The decision by the Government and the Privy Council on this matter has enormous ramifications for free speech both here in the UK, and – because of our leadership role in the Commonwealth and developing world – across the globe.
The Government and the Privy Council should have applied the most rigorous standards of consultation and examination of the Royal Charter proposed by the industry, which would have enshrined tough regulatory standards at the same time as protecting press freedom. They singularly failed to do so, and that is why – as the issues at stake are so extraordinarily high - we are having to take this course of action.
The newspaper and magazine industry has applied to the High Court for a judicial review of the Privy Council's decision to reject its self-regulation proposals for a Royal Charter.
A statement said "it is the clear view" of the industry’s trade associations that the application "was not dealt with fairly".
"We believe that the decision and the Order were therefore unlawful, and the industry’s associations through PressBof [ the industry body which funds the regulatory system] are applying to the High Court for judicial review and to have the decision quashed".
Newspapers and magazines have begun to set up a new press watchdog in the wake of the phone hacking scandal - but have been instantly criticised by campaigners.
Plans for the Independent Press Standards Organisation, which will have the power to impose fines of up to £1m, will go out to consultation.
But Hacked Off, which represents some of the victims of phone hacking, claimed the move was a "cynical rebranding exercise" that showed the industry was "determined to hold on to the power to bully the public without facing any consequences".
New figures released Labour reveal that only 7% of the total TV workforce (on and off-screen) are women over the age of 50.
Meanwhile, the majority of TV presenters who are over 50 are men (82%).
Miriam O'Reilly, who won an employment tribunal against the BBC on the grounds of ageism, said:
These figures raise the obvious questions of where have all the older women gone and why did they go? Was it their choice to leave their jobs or was it a decision forced upon them?
The broadcasters say they are committed to the fair representation of older women, but the figures don't bear that out.
I'd like to know the reasons why so many talented women have disappeared, while their male counterparts have grown older and still have their jobs.
Women on television are affected by a "combination of ageism and sexism" that does not apply to men, according to new figures released by Labour.
Harriet Harman, shadow secretary of state for culture, media and sport, asked the six main UK broadcasters how many older women they employ on screen and behind the camera.
The findings were that while the majority of over 50s in the UK are women (53.1%), the overwhelming majority of TV presenters who are over 50 are men (82%).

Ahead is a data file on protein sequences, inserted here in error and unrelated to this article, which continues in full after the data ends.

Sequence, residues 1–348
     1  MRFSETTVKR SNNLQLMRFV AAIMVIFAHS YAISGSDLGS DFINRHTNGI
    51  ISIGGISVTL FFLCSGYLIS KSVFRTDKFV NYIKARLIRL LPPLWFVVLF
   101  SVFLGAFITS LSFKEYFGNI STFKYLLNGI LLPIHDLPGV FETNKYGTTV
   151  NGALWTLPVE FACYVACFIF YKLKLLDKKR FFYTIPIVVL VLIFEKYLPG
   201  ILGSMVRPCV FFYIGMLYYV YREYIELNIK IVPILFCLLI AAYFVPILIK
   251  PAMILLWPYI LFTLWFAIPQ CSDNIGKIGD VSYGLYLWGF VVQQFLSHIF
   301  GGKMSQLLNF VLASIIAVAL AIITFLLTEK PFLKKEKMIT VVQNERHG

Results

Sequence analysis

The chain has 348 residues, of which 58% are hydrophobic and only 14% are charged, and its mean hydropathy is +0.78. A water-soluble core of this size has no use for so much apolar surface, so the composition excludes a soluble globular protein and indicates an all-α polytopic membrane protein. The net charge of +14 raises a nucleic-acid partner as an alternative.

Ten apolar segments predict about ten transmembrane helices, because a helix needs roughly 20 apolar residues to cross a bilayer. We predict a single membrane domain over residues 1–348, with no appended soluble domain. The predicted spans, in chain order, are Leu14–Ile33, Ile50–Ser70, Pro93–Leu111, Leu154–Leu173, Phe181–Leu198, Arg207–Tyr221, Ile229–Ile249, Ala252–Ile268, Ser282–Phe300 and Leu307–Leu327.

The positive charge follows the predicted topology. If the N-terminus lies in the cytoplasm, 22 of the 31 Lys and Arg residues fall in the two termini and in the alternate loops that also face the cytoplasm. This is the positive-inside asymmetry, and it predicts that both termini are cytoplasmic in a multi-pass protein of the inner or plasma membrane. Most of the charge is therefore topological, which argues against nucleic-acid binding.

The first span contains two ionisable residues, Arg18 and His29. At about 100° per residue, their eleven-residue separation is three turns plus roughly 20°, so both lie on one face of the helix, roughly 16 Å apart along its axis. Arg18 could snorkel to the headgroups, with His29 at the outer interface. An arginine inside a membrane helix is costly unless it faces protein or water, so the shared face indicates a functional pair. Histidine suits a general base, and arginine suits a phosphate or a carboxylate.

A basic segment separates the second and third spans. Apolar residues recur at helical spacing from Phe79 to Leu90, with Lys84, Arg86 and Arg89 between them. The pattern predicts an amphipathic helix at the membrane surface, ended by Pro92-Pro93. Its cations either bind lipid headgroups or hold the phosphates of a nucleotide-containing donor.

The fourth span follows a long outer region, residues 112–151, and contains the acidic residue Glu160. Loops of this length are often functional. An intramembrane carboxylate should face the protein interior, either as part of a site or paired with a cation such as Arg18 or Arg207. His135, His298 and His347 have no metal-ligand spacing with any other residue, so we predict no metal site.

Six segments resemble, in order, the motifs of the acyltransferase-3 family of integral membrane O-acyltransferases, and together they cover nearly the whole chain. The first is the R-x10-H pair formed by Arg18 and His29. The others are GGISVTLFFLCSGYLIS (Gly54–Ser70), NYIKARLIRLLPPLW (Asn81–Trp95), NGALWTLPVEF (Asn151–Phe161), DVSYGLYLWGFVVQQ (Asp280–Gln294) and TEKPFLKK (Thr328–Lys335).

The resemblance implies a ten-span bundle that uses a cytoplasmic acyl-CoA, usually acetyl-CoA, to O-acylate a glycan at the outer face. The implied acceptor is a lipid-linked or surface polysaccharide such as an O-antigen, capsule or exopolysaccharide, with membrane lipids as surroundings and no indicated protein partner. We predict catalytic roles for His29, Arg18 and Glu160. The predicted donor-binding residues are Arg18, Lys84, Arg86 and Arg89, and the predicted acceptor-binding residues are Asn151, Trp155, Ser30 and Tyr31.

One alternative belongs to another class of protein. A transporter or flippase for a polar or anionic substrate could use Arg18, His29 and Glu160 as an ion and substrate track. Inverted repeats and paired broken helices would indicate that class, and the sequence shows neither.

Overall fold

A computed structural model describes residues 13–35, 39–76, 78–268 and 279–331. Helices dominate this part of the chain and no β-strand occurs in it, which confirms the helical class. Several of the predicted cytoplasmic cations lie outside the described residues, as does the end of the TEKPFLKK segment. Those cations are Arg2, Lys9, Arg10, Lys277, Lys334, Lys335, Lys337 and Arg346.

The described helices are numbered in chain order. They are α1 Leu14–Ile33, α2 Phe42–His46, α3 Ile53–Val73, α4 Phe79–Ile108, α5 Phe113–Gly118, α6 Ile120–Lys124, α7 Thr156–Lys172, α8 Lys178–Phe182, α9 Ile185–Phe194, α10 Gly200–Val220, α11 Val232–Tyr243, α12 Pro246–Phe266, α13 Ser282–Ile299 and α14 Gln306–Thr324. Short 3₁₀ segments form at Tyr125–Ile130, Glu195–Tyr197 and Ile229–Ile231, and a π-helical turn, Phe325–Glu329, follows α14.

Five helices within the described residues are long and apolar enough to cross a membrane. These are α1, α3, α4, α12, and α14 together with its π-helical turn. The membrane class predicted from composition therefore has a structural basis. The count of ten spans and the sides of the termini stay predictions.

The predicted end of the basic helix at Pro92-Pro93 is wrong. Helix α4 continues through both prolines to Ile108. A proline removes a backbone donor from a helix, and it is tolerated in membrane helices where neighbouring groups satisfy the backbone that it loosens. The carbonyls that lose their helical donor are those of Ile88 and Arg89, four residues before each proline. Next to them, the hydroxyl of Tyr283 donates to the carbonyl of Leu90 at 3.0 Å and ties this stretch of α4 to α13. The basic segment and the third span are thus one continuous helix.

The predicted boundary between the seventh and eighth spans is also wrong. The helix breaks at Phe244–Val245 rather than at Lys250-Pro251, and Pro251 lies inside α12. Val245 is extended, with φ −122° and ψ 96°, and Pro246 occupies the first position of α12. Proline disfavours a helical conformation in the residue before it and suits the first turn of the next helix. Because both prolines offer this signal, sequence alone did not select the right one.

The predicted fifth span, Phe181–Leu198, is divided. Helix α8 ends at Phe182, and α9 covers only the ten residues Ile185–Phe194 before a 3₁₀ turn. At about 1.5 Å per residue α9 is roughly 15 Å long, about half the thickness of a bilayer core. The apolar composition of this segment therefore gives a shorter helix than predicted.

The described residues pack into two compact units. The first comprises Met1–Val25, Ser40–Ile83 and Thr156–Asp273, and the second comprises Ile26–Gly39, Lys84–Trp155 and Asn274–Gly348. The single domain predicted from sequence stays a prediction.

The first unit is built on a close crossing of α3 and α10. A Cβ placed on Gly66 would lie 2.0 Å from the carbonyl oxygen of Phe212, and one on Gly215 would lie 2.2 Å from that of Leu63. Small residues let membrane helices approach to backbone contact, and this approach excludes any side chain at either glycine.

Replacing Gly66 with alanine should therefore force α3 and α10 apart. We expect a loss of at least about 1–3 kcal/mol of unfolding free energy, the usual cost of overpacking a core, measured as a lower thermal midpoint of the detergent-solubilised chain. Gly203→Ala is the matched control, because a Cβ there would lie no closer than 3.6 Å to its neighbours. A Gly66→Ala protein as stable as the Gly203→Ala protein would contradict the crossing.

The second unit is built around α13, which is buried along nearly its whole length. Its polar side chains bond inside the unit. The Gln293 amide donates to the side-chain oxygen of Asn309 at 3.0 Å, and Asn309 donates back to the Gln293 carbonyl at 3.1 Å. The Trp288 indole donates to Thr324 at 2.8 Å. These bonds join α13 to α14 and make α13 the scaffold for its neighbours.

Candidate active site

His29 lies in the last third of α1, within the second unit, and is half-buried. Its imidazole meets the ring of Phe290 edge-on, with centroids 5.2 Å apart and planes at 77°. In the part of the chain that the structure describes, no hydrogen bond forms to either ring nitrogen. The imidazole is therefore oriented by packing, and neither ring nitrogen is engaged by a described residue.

It was discovered that only 7% of the total TV workforce (on and off-screen) are women over the age of 50.
Ms Harman said: "The figures provided by broadcasters show clearly that once female presenters hit 50, their days on-screen are numbered.
"It is an encouraging first step that broadcasters have been open in providing these statistics. Their response shows that they all recognise that this is an important issue that needs to be addressed.
"I will be publishing these figures annually so we are able to monitor progress."
Ms Harman will also be holding a roundtable with broadcasters in the House of Commons today to challenge them to take action.
The BBC is to remove gagging clauses from its contracts in the wake of the Savile scandal to make it easier for staff to speak out about any claims of harassment.
A major report into sexism and bullying at the corporation has found that some staff are scared of making complaints about inappropriate behaviour.
But the 80-page report by barrister Dinah Rose said that although sexual harassment was found to be "very rare", there was some evidence of inappropriate behaviour and bullying.
In tonight's documentary on the tenth anniversary of the death of ITV News reporter Terry Lloyd in Iraq, we are given an insight into the family at Christmas.
His daughter Chelsey said her relationship with her father "suffered" during her teens.
Lloyd was killed on the eve of the invasion of Iraq ten years ago.
Who Killed My Dad? The Death of Terry Lloyd airs tonight on ITV at 10.35pm.
A ITV documentary has followed the daughter of ITV News war reporter Terry Lloyd as she retraces his final steps in Iraq as part of her deeply personal search for the truth about the circumstances surrounding his death.
Terry was killed in southern Iraq ten years ago, along with cameraman Frederic Nerac and translator Hussein Osman, after their convoy came under attack by the US Army.
Cameraman Daniel Demoustier - who was driving the vehicle carrying Terry when they were initially fired upon - survived.
Chelsey Lloyd has returned to where he was shot dead, along with Daniel and presenter Mark Austin, who was also in the country covering the start of the war.
“I need an understanding of what happened that day because I wasn’t there and because it was so far away," she said.
"I need to piece together the events of those days to create a kind of timeline, a picture in my head, to help me.”
Who Killed My Dad? The Death of Terry Lloyd is on ITV at 10.35pm tonight.